Can you confess in Latin?

Can you confess in the roman catholic church in Latin?
Can all priests speak it?

If this is true then where can I find proper Latin confession formula?

I am sorry if this was already asked.

One does not confess one’s sins in Latin, as there are very few, including priests, who have sufficient fluency in Latin to actually list sins and offer direction–nor was this ever the Church’s practice.

If, OTOH, you mean that the priest uses the Latin formula for the blessing and absolution while in the confessional, then yes, that can and does occur in parishes where the Extraordinary Form of the Mass is regularly celebrated. This would be mainly FSSP and ICRSS parishes.

“Absolve me, Pater…”

Yes one could but why anyone would I have no idea. I guess perhaps if one was a native speaker of English confessing to a priest who only knew Japanese, then confessing in Latin might be preferable. Such may have been the norm many years ago but it’s unlikely many penitents nor priests are capable of this today.

I’d say it was for a little while in the Roman Empire.

There are no official words that the penitent says in any language, though there are traditional words that vary geographically, and general requirements (the penitent has to convey contrition and purpose of amendment, mention type and number of mortal sins, etc).

AFAIK, the closest thing to a “formula” for the penitent is the formerly prescribed Confiteor which was supposed to be said before listing one’s sins. The old Roman Ritual (Part V, Chap. I, Para. 16) states:

The penitent says the “Confiteor,” either in Latin or in the vernacular, or at least the following words: “I confess to almighty God and to you, father.” Next he confesses his sins in detail, being aided whenever necessary by the priest. …]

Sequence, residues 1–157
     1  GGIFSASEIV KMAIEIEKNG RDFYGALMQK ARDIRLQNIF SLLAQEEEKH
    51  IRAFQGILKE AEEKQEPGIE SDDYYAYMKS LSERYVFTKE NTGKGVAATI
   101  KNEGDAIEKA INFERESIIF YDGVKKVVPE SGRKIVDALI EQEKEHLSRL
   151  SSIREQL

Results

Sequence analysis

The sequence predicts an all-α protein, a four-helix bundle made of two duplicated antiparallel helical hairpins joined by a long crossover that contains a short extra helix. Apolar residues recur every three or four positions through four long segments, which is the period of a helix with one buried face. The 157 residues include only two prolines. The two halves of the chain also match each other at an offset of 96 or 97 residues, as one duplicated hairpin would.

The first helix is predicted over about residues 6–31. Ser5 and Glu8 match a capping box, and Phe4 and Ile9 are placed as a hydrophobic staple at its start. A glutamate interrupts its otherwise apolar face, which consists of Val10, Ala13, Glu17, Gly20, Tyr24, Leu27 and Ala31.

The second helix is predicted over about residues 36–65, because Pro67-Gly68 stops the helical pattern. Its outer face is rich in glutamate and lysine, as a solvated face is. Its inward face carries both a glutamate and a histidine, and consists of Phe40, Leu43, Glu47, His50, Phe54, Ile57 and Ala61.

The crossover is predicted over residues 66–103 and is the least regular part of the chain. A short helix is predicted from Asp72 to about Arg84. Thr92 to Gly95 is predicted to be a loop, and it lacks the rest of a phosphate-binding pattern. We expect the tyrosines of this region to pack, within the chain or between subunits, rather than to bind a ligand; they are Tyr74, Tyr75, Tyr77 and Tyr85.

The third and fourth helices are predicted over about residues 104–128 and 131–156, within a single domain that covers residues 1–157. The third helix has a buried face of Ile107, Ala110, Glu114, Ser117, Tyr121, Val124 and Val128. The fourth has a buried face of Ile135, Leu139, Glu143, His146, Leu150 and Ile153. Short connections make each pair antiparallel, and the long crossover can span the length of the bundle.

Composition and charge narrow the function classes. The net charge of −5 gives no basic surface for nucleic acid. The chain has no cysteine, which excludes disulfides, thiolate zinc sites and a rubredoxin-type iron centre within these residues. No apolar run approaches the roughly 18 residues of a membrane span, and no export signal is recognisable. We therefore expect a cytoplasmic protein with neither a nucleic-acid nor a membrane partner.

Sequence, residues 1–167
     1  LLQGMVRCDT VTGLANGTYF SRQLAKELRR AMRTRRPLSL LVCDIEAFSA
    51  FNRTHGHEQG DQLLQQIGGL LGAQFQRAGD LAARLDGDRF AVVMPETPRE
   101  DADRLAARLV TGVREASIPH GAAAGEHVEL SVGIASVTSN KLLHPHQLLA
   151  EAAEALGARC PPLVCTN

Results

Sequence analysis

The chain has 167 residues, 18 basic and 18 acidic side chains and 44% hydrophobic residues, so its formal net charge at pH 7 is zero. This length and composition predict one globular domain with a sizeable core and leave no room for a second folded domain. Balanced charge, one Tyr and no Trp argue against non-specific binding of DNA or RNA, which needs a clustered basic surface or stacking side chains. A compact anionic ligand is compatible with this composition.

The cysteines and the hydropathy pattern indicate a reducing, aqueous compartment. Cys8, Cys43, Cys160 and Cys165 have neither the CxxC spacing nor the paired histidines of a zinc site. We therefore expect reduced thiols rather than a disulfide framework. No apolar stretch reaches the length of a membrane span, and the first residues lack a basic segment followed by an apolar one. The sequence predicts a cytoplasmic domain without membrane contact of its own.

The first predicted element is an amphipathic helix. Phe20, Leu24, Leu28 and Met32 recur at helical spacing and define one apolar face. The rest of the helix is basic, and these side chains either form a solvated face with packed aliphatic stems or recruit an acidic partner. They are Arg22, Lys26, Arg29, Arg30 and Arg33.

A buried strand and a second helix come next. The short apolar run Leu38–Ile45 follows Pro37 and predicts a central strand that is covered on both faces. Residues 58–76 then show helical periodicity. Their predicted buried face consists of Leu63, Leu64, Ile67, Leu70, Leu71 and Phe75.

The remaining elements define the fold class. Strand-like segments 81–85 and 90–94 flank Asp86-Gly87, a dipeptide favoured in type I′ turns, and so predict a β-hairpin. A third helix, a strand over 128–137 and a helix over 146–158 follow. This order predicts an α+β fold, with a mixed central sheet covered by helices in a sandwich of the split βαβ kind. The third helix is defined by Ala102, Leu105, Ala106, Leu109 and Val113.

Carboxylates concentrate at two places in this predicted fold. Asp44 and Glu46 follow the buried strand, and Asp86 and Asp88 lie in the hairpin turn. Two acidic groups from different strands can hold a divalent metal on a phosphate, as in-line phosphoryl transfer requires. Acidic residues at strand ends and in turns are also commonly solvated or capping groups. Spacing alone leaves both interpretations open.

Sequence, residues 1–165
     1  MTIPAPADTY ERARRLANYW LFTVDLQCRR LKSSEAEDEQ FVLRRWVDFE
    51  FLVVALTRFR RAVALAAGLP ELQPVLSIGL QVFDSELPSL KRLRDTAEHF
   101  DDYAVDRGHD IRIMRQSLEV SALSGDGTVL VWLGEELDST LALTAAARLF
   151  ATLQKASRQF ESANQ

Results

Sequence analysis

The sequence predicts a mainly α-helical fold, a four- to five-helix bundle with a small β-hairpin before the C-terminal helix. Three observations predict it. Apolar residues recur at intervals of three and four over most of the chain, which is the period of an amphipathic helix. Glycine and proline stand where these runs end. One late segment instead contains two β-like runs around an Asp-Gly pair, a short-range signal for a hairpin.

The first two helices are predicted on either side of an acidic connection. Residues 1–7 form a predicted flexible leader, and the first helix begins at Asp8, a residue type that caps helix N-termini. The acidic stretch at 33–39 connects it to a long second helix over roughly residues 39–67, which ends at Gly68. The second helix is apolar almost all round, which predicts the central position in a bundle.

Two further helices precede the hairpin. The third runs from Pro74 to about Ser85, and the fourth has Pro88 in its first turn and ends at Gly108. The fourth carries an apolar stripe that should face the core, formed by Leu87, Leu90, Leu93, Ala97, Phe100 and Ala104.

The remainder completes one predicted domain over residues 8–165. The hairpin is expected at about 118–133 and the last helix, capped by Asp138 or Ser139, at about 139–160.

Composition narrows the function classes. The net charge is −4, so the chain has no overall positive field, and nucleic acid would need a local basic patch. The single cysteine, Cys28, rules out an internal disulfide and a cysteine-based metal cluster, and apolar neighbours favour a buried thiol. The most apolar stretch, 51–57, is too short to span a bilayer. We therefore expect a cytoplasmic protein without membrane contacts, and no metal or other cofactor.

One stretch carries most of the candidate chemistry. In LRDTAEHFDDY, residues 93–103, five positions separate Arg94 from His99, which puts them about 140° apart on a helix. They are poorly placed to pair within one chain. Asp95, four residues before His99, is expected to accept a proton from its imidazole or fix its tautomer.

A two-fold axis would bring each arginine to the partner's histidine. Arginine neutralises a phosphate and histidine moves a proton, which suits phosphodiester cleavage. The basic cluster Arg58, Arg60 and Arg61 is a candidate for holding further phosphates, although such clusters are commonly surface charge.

I don’t know how widely this was observed before Vatican II, and I don’t think it is observed much if at all today. And there’s a good chance that if you start reciting the Confiteor in Latin, the priest will have no idea what you’re doing. Even if he knows Latin, most priests just want you to get to the point, especially if there’s a line.

Does anyone know how you would translate “I illegally downloaded a movie from a pirate file-sharing website” into Latin? Asking for a friend.

It’s possible but when translated back to English it would likely come out differently; maybe something along the lines of “Without paying, I watched a film through an Internet source.”

I think that could be a stretch - but have you thought of Klingon?

No it’s entirely possible but would likely come out back to English as something more along the lines of “Without paying, I viewed a film though an Internet source.”

Is there a Latin word for Internet??

I should think so as the Vatican maintains a website in Latin. :shrug:

If you and the Priest speak and understand Latin. Sure.

OP:

Why do you ask?

Ita

It doesn’t have every document in Latin, though. I couldn’t find Latin versions of the document from the Pontifical Council for Social Communications on the internet, nor John Paull II’s message for World Communications Day that mentions the internet.

No. I don’t speak Latin.

Humor aside, if you found a priest who spoke Latin well enough to be conversational in it, then of course one could confess in Latin. Or in Polish or Russian or Welsh or Irish Gaelic or any number of other languages.

If one wanted to utilize Latin just to make everything more formal, then I would suggest they leave those ideas aside. Confession isn’t the time to be engaging in the novel for a lark.

There may be times when using Latin, if you know it sufficiently, could be useful. Apparently, many priests use Latin when in Rome to talk to priests of other nationalities if they have no other mutual language. So I’m use using Latin as a common language for confession does happen.

true. Latin is the language of the Church and is to be preserved and respected, but
I would also set aside the notion that prayers or words uttered in Latin are somehow holier or carry more weight.
God speaks all languages, He invented them, in fact. :wink:

I guess this could happen in a tiny number of situations where priest and penitent speak different languages as their first language, but have Latin in common, and for whatever reason there isn’t time to get a priest who speaks the penitent’s native language.

This will obviously almost never come up, as very few people speak Latin fluently. But yeah, in theory, you could confess in Latin or Greek or Hindi or Chinese or whatever.

My very first confession happened to be with a priest who spoke little English. It’s possible he may have known Latin, but I didn’t. What we did was go down the 10 commandments. Worked out pretty well, even tho I was more familiar with the Protestant numbering.

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